Makers of faulty hip to pay for surgery

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The Independent Online
The manufacturers of the artificial hip at the centre of a nationwide health scare yesterday offered to pay for "lifelong follow-up" treatment of all patients who have been issued with the implant.

Following a meeting with 3M Health Care, the makers of the faulty hip joint, and Val Gooding, managing director of BUPA, the Department of Health confirmed that 3M would meet the entire costs of "identifying and reviewing" all patients who were fitted with the 3M Capital implant and any revision operations required.

"These operations may be carried out either in a BUPA hospital or an NHS hospital if the patient prefers," said a statement from the Department of Health.

"The company commitment also extends to life-long follow-up of patients implanted with this device."

Earlier, the Government published a list of hospitals who were supplied with the hip joints. More than 80 private and NHS orthopaedic centreswere supplied with a total of 4,700 3M Capital implants between 1 August 1991 and 31 March 1997 when the device was discontinued. All implants are thought to have been used.

Patients fitted with the joints will be contacted by the hospital where they had the surgery and will be invited to have X-rays. Some people will need to have the prosthesis replaced and others will need to be carefully monitored.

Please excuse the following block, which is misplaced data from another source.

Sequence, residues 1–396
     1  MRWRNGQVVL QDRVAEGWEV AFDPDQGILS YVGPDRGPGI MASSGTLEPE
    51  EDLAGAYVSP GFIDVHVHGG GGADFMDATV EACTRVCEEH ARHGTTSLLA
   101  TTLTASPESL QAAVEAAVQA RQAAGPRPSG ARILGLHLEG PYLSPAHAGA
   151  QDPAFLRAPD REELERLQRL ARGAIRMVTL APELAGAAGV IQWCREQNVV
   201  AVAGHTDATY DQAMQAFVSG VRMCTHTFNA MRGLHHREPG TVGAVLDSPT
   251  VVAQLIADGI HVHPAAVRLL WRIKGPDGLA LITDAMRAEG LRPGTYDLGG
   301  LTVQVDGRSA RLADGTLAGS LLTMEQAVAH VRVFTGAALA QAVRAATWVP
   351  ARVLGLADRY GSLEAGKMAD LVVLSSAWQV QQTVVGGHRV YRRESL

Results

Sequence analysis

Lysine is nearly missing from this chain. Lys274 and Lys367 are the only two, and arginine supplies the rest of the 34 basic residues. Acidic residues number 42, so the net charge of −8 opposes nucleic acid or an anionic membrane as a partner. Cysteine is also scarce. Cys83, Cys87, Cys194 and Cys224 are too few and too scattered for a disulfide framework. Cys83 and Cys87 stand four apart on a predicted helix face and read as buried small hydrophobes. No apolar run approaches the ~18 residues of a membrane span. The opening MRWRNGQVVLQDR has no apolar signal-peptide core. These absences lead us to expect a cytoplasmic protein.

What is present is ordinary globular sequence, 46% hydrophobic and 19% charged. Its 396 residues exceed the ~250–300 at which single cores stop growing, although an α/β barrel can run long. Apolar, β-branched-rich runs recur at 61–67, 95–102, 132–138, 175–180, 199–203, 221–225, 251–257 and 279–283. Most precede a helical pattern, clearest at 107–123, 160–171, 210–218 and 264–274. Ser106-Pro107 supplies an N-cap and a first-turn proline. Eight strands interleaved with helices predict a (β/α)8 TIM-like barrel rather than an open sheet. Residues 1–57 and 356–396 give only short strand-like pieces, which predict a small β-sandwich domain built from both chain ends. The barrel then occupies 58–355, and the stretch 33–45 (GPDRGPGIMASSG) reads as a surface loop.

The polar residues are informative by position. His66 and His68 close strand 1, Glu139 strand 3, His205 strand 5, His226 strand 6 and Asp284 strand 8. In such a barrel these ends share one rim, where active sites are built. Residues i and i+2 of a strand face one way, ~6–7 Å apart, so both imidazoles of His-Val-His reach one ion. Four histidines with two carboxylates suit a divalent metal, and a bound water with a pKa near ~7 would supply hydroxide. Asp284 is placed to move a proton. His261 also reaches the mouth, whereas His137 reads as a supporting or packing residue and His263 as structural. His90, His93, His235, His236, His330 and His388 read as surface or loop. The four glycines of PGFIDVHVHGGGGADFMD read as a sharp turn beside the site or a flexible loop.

Robin Turner, consultant manager for orthopaedics at Brighton Health Care NHS Trust, said they had already started to trace patients.

"When we have established the names of the 264 people who received this particular hip joint we will arrange for them to return to the hospital for a clinical check-up and X-ray. We anticipate that it will take two to three weeks to cross-check all the medical records to identify the patients concerned."

3M Health Care Ltd, based in Loughborough, could face a total bill of pounds 23m if all 4,700 patients need a revision operation costing pounds 5,000 a time.

The warning about the hip was issued after studies from three hospitals revealed that up to 21 per cent of these implants failed within five years compared with the national average of 10 per cent 10 years after the operation.

worst affected hospitals

Hospitals with 50 or more recorded implants:

England: Lancaster Moor Hospital (Garnett Clinic) 515

St Mary's Hospital, Newport, Isle of Wight 504

Royal Oldham Hospital, Oldham 292

Southampton General Hospital (Pharm Stores), Southampton 272

Royal Sussex County Hospital, Brighton 264

Princess Margaret Hospital, Swindon 252

Royal Lancaster Infirmary, Lancaster 249

Kidderminster General Hospital 247

Bassetlaw District General Hospital, Worksop 239

Scarborough General Hospital 189

Westmoreland County Hospital, Kendal 175

Lancaster and Lakeland Nuffield 129

Princess Alexandra, Wroughton, Swindon 120

Harlow Wood Orthopaedic Hospital, Mansfield 112

Lord Mayor Trelear Hospital, Hampshire 111

Sussex Nuffield Hospital, Brighton 89

Devonshire Royal Hospital, Buxton 84

BUPA Chaleybeate Hospital, Southampton 78

Royal Halifax Infirmary 76

Conquest Hospital, St Leonards on Sea 72

Duchess of Kent Military Hospital, Catterick Garrison 51

Wales: East Glamorgan Hospital, Pontypridd 75.

Gwynedd Hospital, Bangor 59.


Between 50 and 60 implants mostly at Gartnavel Hospital, Glasgow

Northern Ireland: None recorded